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Judges Acquit More Than Federal Juries

Would Enron defendants Ken Lay and Jeff Skilling have fared better with a bench trial rather than a jury trial? Most likely, their lawyers never seriously considered that option -- and I would not have either until I read this original post and the  follow-up by Volokh guest blogger Andy Leipold, who found that criminal defendants stand a better chance of acquittal before a jury. Leipold summarizes his findings:

First, I found that the gap between bench acquittal rates and jury acquittal rates was quite large: over the 14 years I studied, the average conviction rate in jury cases was 84%, while judges convicted slightly more than 50% of the time. Second (using other data), I found that this gap was a recent phenomenon. Between the early 1960s and late 1980s, the conviction rates for judge and jury was roughly the same; the 20 years before that, judges actually convicted much more often than juries.

Leipold asked readers for their thoughts on what factors might explain the acquittal gap between bench and [jury]box. Reasons included (1) judges "grade on a curve" and, after sitting through 20 cases involving violent crimes, might not find a more minor crime as serious whereas a jury would not share this context; (2) defendants will select those judges who they believe will be more inclined to acquit; (3) judges are bound by fixed sentencing rules so rather than sentence a defendant of a nonserious crime to a lengthy term they avoid that dilemma through acquittal; (4) judges might better understand the complex elements of certain corporate crimes and, unlike a jury, would recognize when the prosecution failed to carry its burden and (5) some judges may just have something against prosecutors.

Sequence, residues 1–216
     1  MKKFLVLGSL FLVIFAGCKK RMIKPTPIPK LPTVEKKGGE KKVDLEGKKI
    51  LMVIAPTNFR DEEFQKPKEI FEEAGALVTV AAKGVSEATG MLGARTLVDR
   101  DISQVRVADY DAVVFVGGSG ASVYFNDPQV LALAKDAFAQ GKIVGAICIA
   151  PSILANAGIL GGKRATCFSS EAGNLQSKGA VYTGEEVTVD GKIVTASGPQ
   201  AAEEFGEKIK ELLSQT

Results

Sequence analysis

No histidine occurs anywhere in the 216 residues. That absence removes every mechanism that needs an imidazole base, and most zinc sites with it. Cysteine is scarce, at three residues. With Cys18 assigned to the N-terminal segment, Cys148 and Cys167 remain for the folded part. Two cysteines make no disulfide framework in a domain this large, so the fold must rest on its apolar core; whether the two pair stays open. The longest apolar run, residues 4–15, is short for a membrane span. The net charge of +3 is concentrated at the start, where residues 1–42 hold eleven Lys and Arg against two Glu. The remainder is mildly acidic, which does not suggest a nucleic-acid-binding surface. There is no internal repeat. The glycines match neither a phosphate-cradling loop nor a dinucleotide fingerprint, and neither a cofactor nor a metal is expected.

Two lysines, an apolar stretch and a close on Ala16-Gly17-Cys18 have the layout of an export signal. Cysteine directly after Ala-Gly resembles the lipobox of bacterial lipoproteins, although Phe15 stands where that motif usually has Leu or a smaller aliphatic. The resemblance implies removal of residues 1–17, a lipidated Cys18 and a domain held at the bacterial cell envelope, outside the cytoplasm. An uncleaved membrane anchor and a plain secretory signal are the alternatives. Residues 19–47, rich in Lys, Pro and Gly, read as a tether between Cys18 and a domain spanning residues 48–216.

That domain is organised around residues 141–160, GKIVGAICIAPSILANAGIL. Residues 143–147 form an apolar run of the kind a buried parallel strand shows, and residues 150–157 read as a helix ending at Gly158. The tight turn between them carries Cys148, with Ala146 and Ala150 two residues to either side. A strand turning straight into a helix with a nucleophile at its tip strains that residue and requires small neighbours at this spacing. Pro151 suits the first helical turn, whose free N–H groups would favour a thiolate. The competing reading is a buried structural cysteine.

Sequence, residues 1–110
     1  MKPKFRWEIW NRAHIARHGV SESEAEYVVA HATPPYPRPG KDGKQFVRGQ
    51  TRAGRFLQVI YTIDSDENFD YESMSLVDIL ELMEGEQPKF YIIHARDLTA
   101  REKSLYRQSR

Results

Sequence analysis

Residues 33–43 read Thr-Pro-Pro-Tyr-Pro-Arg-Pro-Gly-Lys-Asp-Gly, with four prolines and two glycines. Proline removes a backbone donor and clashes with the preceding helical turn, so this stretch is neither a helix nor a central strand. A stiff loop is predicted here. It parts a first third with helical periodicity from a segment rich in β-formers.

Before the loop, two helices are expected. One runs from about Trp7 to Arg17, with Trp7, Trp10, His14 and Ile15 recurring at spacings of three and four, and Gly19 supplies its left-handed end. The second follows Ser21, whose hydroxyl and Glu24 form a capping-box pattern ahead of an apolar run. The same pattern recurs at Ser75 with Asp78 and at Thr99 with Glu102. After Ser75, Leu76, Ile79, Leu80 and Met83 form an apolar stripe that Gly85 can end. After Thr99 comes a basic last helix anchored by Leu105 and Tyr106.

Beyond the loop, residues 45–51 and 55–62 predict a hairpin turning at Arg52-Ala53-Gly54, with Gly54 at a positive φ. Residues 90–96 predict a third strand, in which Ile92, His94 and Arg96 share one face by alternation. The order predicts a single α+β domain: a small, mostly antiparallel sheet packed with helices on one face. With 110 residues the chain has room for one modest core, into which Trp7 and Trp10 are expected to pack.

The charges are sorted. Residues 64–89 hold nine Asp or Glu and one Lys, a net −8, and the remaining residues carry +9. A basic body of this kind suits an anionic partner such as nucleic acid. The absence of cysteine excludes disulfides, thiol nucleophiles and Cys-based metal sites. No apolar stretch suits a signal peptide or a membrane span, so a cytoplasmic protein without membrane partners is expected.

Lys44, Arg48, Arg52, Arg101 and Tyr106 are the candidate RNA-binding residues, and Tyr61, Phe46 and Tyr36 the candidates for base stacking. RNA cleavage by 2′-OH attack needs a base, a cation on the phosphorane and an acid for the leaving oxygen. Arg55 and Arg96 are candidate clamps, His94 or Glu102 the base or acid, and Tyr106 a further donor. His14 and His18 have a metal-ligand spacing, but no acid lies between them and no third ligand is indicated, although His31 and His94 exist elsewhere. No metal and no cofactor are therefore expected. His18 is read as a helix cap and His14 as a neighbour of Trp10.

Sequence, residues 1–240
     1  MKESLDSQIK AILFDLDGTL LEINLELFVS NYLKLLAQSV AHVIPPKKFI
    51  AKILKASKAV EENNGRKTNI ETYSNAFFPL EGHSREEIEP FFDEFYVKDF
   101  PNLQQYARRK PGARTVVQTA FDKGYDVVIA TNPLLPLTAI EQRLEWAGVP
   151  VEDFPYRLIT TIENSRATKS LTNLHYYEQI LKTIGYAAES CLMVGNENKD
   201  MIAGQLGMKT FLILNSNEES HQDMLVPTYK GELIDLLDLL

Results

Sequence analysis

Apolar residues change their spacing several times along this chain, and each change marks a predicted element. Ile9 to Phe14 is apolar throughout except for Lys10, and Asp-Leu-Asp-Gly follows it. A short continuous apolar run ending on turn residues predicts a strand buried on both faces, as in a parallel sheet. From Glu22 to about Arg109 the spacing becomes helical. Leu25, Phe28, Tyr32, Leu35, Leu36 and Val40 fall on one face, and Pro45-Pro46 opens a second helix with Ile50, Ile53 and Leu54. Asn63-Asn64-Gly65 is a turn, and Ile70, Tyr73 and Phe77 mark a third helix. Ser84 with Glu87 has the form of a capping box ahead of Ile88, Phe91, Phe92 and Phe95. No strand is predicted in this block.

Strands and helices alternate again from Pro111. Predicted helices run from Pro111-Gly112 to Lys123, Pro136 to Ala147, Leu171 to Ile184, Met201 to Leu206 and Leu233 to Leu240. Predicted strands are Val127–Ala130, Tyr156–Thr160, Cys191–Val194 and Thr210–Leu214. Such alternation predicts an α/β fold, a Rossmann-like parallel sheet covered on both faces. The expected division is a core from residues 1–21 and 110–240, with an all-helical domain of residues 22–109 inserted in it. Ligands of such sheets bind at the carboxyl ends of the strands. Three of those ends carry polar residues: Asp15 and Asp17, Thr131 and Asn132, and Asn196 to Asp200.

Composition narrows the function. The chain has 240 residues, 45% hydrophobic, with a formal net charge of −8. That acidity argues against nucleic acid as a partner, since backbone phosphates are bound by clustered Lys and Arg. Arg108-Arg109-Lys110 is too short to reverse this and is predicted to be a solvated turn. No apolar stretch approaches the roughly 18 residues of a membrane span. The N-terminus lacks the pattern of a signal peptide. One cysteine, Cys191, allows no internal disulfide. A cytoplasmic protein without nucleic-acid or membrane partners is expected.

This week, Leipold will continue to blog about factors that he examined, including type of case, seriousness of charge, type of defense lawyer and strength of the evidence. And he welcomes comments on his preliminary law review article. Leipold's work strikes me as one of the more interesting and useful applications of the now trendy Empirical Legal Studies line of scholarship.

Posted by Carolyn Elefant on June 27, 2006 at 06:24 PM | Permalink | Comments (3)


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